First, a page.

Buying Property in Thailand

The country attracts many expats looking to buy property either as a lifestyle or investment. Bangkok has a wide range of newer and legacy properties, and the Andaman coast is home to popular Phuket with its luxury pool villas.

While it is possible for foreigners to purchase freehold land, most prefer condominiums as they offer rental yields over 5%. Depending on the location, prices can fluctuate.


Foreigners are prohibited from owning land in Thailand. However, they may apply for a long term land lease. This allows them to build structures like houses or townhouses on the property registered under their name.

Buying land in Thailand is a little bit more complex than it might be for some people. Rumours about the price of properties can artificially inflate prices, leading buyers to pay over the odds. However, this trick doesn’t work when it comes to calculating the value of the land for transfer fees and specific business taxes.

Purchasing freehold land requires you to set up a Thai company in order to acquire it. This does involve a certain amount of additional work and cost (incorporating and maintaining the company) but is not as expensive as you might think. The advantage of this method is the high potential resale value and outright ownership. In addition, the company can be sold or transferred at any time and still maintain its rights to the land.


A condo is a good option for a first time property buyer in Thailand. Purchasing off plan will require an initial deposit while the building is being constructed and monthly instalments paid while the property is registered to the investor’s name.

When buying a condo it is wise to speak with real estate agents who specialize in the market you are interested in. Advertisements are often not the same price you will pay for the property and there could be hidden expenses such as furniture, electrical fittings and cleaning fees that buyers are unaware of.

Foreigners are allowed to buy condominium units in Thailand under the Condominium Act, however the process should be overseen by a lawyer who knows the regulations and laws governing the condominium transaction. Obtaining the correct documents to avoid any problems can be time consuming and frustrating. Once the transfer is completed you will receive your Tabien Ban book – blue for Thais and yellow for foreigners – showing that you are the new owner of the property.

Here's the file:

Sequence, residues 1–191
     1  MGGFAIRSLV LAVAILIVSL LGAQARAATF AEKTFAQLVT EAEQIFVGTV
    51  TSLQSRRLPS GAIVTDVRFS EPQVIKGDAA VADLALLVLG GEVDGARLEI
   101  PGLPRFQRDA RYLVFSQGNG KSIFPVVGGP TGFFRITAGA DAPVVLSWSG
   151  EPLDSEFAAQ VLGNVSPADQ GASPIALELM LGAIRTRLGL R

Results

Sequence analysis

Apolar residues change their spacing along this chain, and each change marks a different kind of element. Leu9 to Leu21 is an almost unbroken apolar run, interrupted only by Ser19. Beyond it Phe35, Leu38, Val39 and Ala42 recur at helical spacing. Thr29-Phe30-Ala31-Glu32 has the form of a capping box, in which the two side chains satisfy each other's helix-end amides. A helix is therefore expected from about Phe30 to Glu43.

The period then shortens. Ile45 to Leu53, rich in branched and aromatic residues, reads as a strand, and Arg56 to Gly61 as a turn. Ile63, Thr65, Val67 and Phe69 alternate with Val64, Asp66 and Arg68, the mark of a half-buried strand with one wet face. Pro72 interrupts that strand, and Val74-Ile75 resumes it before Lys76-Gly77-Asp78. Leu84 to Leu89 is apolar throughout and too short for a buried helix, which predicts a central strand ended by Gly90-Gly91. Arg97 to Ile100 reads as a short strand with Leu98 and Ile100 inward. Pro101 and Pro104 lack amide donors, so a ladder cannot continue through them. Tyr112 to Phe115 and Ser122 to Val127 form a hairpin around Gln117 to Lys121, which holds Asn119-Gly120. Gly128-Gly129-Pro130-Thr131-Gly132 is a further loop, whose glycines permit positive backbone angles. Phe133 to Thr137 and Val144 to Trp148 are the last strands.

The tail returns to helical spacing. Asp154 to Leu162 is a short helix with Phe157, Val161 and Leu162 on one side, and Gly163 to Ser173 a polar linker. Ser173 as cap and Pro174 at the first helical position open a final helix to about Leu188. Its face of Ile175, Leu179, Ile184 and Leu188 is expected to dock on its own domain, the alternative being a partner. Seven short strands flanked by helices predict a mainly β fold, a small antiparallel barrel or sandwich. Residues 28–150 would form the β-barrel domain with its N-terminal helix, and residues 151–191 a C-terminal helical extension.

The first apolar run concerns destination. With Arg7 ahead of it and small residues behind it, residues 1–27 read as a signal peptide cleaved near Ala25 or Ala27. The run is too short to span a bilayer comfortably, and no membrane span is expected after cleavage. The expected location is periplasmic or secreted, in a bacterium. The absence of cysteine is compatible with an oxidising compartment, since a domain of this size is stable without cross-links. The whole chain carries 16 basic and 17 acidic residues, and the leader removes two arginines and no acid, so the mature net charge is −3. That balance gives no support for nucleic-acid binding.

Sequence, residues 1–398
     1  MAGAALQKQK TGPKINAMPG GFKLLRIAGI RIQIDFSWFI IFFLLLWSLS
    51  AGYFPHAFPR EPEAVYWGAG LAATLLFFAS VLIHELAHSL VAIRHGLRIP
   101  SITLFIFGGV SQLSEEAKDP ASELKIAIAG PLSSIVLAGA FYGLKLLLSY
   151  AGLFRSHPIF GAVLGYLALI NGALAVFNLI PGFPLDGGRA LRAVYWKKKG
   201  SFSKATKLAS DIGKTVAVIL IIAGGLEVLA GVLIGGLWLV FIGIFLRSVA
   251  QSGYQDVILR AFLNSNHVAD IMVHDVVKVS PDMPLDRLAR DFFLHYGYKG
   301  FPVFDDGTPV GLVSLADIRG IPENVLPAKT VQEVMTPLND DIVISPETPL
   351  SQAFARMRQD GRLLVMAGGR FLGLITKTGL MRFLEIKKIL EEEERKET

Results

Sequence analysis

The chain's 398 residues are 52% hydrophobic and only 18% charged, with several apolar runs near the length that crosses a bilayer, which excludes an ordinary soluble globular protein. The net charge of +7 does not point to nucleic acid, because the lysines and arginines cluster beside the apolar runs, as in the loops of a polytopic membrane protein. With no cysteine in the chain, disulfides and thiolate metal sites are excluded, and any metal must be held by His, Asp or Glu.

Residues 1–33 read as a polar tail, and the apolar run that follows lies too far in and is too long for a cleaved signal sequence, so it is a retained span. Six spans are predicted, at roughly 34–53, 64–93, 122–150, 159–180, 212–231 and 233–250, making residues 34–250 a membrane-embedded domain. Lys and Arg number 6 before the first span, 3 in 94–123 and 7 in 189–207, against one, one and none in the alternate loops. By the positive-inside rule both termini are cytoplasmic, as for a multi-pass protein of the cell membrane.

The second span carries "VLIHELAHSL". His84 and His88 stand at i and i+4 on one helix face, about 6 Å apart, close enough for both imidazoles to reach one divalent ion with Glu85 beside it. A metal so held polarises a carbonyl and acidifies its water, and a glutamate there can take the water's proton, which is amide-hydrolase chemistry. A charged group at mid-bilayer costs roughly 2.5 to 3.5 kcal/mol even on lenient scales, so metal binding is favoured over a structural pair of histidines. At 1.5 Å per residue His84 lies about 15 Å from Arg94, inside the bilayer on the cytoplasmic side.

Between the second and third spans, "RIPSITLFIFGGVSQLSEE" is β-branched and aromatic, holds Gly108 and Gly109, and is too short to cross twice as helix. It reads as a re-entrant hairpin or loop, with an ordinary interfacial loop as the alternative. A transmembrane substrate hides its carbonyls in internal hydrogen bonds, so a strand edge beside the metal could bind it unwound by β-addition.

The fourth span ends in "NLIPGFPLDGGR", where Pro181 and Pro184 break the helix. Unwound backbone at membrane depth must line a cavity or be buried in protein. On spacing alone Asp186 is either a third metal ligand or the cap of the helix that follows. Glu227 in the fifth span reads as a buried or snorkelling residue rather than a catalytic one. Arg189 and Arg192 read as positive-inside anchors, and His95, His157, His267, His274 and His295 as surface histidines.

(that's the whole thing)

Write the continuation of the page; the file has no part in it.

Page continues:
Buying a villa in Thailand can be an ideal investment for those looking to gain access to the unique East-meets-West culture of this beautiful nation. It also offers a more private setting than apartments or condos. But it is essential to understand the rules and regulations surrounding land ownership for foreigners before making any serious decisions.

Under Thai law, a foreigner cannot own the land on which a villa is built. However, if the house is to be owned by a foreigner, then the structure must be leased from the government under a land lease agreement. In order to obtain the lease, foreign investors must present proof of remittance in Baht and a signed Exchange Control Form.

Foreigners must also pay various fees and taxes when acquiring a villa in Thailand including income withholding tax, transfer fee and specific business tax based on the registered sale price or government appraised value. Most villa estates will also charge a yearly maintenance fee for common areas.


Buying townhouses in Thailand can be tricky for foreigners. It is a better option for them to buy condos because they don’t have to worry about ownership laws and there are usually more convenient amenities like swimming pools. They also offer 23/7 security including CCTV and are often gated. However, they can be more expensive than a townhouse and there will be extra monthly fees for the condo development.

It is essential to have a specialist real estate lawyer who can perform due diligence on the property and the developer before any financial transaction takes place. Failure to do this can lead to unnecessary complications, delays and even legal disputes. They can check that the land has a legally issued land title deed and that it has not been encumbered by other owners or the government. They can also verify the construction quality and the building materials used. They can also check the land and house taxes that are associated with a particular piece of property.

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